Wednesday, September 29, 2010

Input System: Part 1 Static Classes

This is going to be a mini tutorial on how to create a simple input system now there are many ways you can go about creating an input system and this is just my approach and is in no way the best but works for what I use it for which is all that matters. Now before I go into the code itself I want to first discuss static classes since there are major discussions with why static classes are bad and should be avoided and such. I will also try and explain when to use static classes and how to use them in relation to c#. 


Now lets start with the good parts of static classes. First off static classes do not need to be created they are automatically created at runtime and because of that these classes can be accessed from anywhere in your code without creating any new variables. This is the main reason why we are using a static class for our input because we want to be able to get whether or not buttons were pressed from not only our main class but a lot of sub classes will also need them. Because there is only one instance of the static class you will never need to create multiple instances of the input class which will simplify a lot of code. 


These characteristics of static classes do come with some downsides though. Now because static classes are created at runtime automatically they can not contain and constructors which in our case is not a problem. And because there are only one version of the class objects like bullets or particles are completely out of the question. Also people do not like it when you continually  reference static classes in your code because it makes it so they can not reuse only part of the code they would need the extra static class for it to function. Now this argument makes sense in a lot of ways but most of the time for me it is the static classes that I want to reuse anyway. For example whenever I create a new project I will instantly copy and paste in my input class and my base game class and build the game up from that. I can see it if someone was to use nothing but static classes to do everything in their game that it would get quite annoying to have to look at all the different classes to understand what is going on, but in this example our input class will be so self explanatory that this will be unnecessary. If this doesn't make complete since it should when I go over how to create and use static classes in the next part.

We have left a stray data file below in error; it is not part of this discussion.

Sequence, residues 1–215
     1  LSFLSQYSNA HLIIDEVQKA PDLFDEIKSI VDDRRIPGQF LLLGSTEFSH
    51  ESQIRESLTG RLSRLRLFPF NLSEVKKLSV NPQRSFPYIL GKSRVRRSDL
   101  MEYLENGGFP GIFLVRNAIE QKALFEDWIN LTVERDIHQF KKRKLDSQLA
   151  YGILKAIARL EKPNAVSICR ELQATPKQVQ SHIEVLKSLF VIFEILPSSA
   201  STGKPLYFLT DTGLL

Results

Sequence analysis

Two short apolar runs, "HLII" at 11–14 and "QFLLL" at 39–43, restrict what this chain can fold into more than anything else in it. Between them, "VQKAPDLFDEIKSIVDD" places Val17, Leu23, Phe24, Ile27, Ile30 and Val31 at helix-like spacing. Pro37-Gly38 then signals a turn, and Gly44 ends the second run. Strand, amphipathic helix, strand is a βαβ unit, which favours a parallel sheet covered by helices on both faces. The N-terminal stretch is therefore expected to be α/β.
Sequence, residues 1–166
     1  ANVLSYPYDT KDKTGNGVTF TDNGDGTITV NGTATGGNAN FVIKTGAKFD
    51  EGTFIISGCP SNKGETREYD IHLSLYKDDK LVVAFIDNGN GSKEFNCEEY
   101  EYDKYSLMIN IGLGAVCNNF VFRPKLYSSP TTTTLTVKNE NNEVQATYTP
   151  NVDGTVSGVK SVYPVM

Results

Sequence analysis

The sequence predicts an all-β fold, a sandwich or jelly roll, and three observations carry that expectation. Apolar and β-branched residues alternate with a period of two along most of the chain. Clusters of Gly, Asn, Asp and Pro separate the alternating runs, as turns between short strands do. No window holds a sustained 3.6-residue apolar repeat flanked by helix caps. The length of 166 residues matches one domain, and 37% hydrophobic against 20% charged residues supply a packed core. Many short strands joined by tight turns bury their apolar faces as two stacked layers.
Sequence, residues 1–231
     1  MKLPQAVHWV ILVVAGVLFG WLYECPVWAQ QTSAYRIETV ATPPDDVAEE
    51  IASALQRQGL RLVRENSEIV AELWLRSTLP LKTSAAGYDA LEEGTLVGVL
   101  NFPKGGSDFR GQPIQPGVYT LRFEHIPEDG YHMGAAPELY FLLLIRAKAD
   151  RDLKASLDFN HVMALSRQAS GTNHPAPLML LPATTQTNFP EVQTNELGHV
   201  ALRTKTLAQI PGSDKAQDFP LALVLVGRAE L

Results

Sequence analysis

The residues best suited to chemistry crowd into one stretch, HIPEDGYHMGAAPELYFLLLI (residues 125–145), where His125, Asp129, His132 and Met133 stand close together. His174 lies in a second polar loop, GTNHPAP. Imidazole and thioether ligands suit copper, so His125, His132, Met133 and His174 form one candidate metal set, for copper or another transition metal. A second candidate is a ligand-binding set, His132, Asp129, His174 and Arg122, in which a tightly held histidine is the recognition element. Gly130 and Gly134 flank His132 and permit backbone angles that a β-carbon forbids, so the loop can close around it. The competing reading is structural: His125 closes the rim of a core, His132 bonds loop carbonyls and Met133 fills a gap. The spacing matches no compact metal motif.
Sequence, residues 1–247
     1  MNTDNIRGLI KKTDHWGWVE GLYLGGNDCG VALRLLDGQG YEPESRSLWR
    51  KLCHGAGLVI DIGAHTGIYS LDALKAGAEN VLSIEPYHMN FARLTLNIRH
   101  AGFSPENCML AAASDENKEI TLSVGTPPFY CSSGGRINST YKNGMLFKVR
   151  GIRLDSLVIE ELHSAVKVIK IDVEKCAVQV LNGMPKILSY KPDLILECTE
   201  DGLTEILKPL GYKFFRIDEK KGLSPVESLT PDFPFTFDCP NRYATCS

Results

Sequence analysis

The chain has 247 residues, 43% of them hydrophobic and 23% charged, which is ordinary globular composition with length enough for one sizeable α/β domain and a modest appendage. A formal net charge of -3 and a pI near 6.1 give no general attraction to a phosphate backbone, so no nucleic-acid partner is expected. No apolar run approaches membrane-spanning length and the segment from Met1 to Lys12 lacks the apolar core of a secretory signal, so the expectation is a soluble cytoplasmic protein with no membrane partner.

Now I do not know exactly what static classes do behind the scenes but this is what I have read and noticed when I use them but I could be wrong in some parts. If you want to do some extra reading you can go here. This was a little more then I wanted to do on static classes since most of this will make since when I show you the code in the next few parts but oh well. Should have the next one ready soon. 

1 comment:

  1. I'm with you on this one. I tend to use static classes when I am either being lazy or i want to quickly smash out a rough and ready app that is required in a hurry (eg. print queue management util). It sure is easier than having to create a new instance each time.

    Yes, I also see why they should be avoided but, I suppose it comes down to whether or not anyone else is going to be using your code...

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